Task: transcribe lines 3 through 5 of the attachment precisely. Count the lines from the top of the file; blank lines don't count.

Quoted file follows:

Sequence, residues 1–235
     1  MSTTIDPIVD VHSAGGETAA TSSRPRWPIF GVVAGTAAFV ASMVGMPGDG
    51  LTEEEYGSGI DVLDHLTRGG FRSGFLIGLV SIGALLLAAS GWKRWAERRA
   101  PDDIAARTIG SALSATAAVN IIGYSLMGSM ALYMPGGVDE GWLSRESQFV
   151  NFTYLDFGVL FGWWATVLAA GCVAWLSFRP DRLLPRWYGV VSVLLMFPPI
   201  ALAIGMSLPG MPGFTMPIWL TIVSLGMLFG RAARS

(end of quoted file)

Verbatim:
    51  LTEEEYGSGI DVLDHLTRGG FRSGFLIGLV SIGALLLAAS GWKRWAERRA
   101  PDDIAARTIG SALSATAAVN IIGYSLMGSM ALYMPGGVDE GWLSRESQFV
   151  NFTYLDFGVL FGWWATVLAA GCVAWLSFRP DRLLPRWYGV VSVLLMFPPI